>> does it make a difference if we play in high school and before that it's touch football and wait for the contact?
>> a young brain is developing. it's more vulnerable than an older brain in many ways. we don't know the cut off. we don't have the science to say when to take people out of the play. we are excited that now we can see these tal proteins in living people. we might be able to develop a task to rest your brain and get out of the game. know how long we have to rest it. if you sprain an ankle, that injury is going to get worse. you have to rest your brain, too.
>> yeah. i think you saying also that on the high school and youth level you have to be cleared by a doctor to go on the field. you are starting to see it at all three levels. going back to obama's comments, his kids will have opportunities most wouldn't have. it's easy to say. i understand speaking as a parent. on the youth level, if you are playing -- i read that article this week. i had issues with it. you are playing football for an end roll. it goes back to your parents, your communities, why are you playing the game? you are playing for a 98% chance you won't play beyond high school . it's a fake dream to begin with.
>> this goes back to the fan piece. the other reason is in the moment. it is a manhood prover. there's nothing quite like football. if you say you are a single mom , raising sons and you want to make sure you are manning them up and getting them out there and they are going to have coaches who are men and role models for them. listen quickly to kansas city chief offensive tackle in thinking of this manhood thing suggesting all of us as viewers are doing something horrible when we cheer for the injuries. let's listen.
>> when somebody gets hurt, there are long lasting ramifications to the game we play. long lasting ramifications to the game we play. all right? i have come to the understanding i probably won't live as long because i play this game. it's okay. it's the choice i have made. when you cheer someone getting knocked out, it's sickening. it's 100% sickening.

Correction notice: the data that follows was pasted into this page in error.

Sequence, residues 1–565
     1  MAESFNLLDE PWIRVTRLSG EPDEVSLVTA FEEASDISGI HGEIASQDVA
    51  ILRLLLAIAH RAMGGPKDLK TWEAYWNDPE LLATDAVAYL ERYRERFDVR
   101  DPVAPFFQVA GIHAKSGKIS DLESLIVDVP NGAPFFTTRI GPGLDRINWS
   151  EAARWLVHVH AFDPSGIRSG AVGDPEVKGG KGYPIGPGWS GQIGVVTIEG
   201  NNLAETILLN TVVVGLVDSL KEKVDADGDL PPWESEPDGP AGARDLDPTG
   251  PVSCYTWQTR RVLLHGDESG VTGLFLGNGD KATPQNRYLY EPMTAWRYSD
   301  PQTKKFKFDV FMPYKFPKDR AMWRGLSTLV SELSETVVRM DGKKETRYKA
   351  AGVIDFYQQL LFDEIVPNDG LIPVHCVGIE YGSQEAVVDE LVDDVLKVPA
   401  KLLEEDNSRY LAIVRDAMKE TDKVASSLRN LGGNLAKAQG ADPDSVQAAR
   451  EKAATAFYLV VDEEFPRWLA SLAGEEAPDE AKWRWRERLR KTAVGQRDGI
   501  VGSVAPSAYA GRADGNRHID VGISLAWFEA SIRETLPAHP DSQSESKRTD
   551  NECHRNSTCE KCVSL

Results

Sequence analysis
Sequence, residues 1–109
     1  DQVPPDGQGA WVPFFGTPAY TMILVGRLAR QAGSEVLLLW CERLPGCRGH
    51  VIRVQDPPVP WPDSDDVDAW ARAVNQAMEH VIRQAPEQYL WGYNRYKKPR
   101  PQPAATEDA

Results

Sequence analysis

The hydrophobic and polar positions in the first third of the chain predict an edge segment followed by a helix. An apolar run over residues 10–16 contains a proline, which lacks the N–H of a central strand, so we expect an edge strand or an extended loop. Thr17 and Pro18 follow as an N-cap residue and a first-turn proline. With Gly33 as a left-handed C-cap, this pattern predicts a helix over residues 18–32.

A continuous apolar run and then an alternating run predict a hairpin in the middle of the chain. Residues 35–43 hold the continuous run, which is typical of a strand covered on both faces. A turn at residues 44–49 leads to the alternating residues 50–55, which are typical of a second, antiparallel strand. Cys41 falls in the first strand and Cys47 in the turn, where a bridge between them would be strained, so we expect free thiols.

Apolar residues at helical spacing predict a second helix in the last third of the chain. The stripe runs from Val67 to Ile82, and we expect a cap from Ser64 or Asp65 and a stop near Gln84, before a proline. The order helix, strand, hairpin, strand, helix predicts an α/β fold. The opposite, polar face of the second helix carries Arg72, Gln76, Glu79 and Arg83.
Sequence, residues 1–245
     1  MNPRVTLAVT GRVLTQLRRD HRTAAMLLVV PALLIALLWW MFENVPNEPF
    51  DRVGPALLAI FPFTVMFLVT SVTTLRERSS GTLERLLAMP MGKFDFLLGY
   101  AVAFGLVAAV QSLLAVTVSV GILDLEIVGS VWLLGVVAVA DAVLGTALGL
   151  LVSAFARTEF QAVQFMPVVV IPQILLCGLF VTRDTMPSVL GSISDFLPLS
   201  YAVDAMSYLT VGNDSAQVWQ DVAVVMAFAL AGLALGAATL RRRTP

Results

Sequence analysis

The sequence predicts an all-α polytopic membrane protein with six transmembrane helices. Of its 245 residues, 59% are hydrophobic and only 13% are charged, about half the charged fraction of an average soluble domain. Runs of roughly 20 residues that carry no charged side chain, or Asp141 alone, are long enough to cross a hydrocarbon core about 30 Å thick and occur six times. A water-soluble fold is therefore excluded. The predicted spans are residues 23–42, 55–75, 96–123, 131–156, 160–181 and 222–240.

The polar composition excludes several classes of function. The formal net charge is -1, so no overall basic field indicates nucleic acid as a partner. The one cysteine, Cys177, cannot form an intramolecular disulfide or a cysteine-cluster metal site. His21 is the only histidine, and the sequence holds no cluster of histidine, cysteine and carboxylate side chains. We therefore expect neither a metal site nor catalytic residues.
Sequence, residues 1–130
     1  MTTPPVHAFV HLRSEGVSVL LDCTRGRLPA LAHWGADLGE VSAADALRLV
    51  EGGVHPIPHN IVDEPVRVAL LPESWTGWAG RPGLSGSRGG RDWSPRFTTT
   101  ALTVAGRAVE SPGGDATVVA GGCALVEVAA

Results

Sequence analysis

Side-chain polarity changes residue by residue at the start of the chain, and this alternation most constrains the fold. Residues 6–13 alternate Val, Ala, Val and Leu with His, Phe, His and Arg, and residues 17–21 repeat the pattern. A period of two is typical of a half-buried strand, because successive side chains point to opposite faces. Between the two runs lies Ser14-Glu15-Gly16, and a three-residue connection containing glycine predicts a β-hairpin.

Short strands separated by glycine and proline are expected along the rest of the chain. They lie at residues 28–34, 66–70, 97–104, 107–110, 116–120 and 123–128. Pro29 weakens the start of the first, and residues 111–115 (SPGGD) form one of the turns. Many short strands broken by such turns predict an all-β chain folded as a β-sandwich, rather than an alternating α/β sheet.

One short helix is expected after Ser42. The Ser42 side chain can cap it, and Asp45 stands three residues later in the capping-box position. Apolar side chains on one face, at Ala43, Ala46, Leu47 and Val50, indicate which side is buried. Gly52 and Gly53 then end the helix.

>> it's part of watching the game. i'm a saints fan. we cheer for the big hits .
>> people are getting paid to do them. it is sort of our gladiator sport. going back, we are talking inner city discussion. it's how a lot of families prove their bona fides . look at northwestern high school , the top football school in miami and the bottom school in graduating actual children from high school . terrible reading scores. when ever an administrator tried to pull back the football program saying we are going to put a grade requirement in there, we're going make it harder to play. you want to see the parents and alumni go ballistic? it's a big problem. there are several attempts to reel it in. the parents and alumni shut it down.
>> it's part of how you prove yourself . up next, we are going to talk about this. the economic question, who wins when a city like mine gets a chance to host a super bowl ? [